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Why is Having a Power of Attorney so Important

Considering the possibility that you may one day not be able to make financial or health decisions for yourself is a grim thought. But by preparing now for that possibility can help ensure that your wishes are followed. Part of your estate and financial planning is appointing a Power of Attorney (POA).

Many people know they need a will, but they may not have appointed a POA. Here’s what you need to know about having a Power of Attorney, and why it’s important:

What is a Power of Attorney?

Before you can know why you need one, it’s important to understand what exactly a Power of Attorney is and what they do.

A Power of Attorney is a person, that you appoint, to make medical and/or financial decisions for you in the event that you are unable to (due to illness, accident or absence). You may choose separate individuals for financial and health or you may choose the same person for both. You may also have more than one person holding joint Power of Attorney.

For most people, a Power of Attorney will be a family member or a close friend, but whoever you choose, you wan to make sure that it is someone you can really trust to make decisions in your best interests.

Why it’s Important to have a Power of Attorney

If you become unable to make health or financial decisions for yourself, not having a Power of Attorney in place can put a real emotional strain on your loved ones as they try to figure out what you may have wanted.

Additionally, without a POA, your assets could get locked up until the Court appoints a POA for you. If you are one of the providers for the family, this could leave your loved ones struggling financially for a time.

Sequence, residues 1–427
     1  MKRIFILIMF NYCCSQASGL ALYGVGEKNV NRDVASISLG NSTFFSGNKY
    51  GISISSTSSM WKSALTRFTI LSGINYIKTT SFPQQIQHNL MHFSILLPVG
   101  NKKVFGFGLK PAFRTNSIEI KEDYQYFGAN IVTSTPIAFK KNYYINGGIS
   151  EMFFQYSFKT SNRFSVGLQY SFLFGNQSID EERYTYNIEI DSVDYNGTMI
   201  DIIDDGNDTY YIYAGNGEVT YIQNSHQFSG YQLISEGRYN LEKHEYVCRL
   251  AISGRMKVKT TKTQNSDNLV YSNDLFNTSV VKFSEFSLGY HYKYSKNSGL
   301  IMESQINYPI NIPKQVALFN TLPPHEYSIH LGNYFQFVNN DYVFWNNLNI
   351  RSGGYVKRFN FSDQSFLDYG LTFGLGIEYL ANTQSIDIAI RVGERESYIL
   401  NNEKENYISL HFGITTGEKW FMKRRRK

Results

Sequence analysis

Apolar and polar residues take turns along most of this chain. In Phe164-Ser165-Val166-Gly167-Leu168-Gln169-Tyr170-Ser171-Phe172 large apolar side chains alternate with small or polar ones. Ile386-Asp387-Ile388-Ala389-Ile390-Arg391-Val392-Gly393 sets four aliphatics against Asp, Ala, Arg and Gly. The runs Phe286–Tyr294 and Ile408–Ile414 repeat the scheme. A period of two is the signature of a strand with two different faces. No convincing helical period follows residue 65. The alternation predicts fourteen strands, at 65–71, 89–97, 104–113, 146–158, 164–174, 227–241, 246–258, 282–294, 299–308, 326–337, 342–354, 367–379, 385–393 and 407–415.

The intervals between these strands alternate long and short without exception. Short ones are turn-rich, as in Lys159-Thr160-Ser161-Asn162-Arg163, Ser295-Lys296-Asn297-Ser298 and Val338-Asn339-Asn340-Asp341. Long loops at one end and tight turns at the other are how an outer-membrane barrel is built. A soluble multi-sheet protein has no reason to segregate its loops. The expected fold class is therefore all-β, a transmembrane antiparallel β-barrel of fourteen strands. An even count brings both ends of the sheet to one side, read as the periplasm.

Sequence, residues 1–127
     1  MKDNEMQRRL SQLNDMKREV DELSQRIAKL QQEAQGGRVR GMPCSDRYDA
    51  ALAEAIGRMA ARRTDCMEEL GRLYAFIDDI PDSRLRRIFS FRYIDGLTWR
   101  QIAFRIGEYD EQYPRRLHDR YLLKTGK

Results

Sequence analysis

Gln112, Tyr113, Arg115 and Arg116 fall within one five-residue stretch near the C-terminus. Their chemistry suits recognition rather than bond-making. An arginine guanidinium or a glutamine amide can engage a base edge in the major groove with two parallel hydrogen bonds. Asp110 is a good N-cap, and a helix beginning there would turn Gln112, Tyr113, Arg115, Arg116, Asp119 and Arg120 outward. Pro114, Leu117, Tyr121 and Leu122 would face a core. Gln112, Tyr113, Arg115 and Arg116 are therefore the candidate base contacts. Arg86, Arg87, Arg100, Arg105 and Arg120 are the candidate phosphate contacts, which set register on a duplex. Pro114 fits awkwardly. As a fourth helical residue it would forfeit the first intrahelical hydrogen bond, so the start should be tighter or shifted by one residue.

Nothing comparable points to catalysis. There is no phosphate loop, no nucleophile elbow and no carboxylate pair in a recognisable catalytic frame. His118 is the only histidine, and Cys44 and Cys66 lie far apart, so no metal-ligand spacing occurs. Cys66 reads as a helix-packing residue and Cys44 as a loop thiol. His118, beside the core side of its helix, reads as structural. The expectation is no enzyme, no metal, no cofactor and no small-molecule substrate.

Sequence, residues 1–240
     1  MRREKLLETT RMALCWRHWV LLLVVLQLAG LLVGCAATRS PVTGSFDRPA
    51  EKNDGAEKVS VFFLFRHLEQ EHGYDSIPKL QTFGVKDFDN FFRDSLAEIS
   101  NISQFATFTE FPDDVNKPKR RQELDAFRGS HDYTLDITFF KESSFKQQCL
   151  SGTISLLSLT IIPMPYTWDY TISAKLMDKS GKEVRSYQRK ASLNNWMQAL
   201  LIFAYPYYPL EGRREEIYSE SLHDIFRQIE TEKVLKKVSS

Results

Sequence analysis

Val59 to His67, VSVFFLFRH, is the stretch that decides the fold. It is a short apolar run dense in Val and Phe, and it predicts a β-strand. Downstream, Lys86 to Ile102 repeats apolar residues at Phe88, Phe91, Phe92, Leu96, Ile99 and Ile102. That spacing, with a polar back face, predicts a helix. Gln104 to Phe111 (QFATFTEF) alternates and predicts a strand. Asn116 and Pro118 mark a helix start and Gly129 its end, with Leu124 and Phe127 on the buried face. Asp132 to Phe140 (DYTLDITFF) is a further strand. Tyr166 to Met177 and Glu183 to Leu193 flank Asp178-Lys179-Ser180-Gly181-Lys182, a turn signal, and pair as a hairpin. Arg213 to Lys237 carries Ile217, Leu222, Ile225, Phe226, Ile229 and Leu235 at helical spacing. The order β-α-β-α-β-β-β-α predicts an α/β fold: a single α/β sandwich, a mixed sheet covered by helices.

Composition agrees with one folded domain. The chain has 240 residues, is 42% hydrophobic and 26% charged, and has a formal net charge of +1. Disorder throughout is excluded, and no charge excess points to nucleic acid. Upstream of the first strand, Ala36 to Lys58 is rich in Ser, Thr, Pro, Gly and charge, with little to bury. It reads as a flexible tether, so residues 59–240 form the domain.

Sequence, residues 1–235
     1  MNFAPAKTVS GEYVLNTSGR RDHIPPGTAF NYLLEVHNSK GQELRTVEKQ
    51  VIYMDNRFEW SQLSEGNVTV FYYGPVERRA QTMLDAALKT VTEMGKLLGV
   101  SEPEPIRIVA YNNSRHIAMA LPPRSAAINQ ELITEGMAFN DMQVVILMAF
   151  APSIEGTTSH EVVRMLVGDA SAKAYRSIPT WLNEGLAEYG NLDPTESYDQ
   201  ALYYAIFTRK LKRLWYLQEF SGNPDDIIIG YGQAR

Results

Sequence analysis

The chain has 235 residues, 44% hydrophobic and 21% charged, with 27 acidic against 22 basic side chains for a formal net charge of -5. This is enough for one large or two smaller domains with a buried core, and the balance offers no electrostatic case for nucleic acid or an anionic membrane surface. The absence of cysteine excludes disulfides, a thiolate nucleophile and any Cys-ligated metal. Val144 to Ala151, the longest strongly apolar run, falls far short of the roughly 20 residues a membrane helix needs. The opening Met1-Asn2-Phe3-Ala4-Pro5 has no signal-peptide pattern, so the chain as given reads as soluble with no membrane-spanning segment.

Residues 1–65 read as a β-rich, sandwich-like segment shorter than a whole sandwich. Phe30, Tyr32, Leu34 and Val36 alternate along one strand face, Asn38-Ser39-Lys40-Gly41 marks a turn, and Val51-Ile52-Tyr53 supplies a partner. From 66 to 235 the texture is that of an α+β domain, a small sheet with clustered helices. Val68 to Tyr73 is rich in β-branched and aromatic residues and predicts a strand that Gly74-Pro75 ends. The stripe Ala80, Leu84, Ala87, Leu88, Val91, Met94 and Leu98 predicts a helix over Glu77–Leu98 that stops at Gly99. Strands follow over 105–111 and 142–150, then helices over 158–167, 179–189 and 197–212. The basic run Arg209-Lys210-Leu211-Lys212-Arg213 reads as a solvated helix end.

But when you do have a POA you can discuss with them exactly what your wishes are and know that your family will still be protected if something happens to you.

Be Careful who You Appoint as Power of Attorney

When choosing someone to be your Power of Attorney It’s important to make sure you choose very carefully. The person(s) you’ve appointed will generally have the power to do anything you can do for yourself – except for creating a will.

Now, with that being said, you can limit the amount of power they have. You can give this person unlimited power, or you can restrict it to a certain amount of time, type of property, or type of decision.

How Long Does a Person Have Power of Attorney?

Unless you specify a period of time (or legally make a change) the person you selected will have Power of Attorney until your death at which time the executor of your will becomes in charge of your assets and estate.

Living will

A Power of Attorney will take care of your property and financial decisions, but a living will can be put in place to make sure your medical decisions are made in the manner you’d like them to be.

This document will outline the medical decisions you want to be made, and any life support decisions you’d like to have made in the event you cannot make them yourself.

Without a living will, decisions for your medical needs could be made by a medical agency or government – and these decisions might not be what you would have chosen.

Contact Levy Zavet Lawyers today

If you have not yet appointed someone with Power of Attorney for your health and financial decisions, the time to do so is now. Contact Levy Zavet Lawyers today to speak with one of our estate lawyers.

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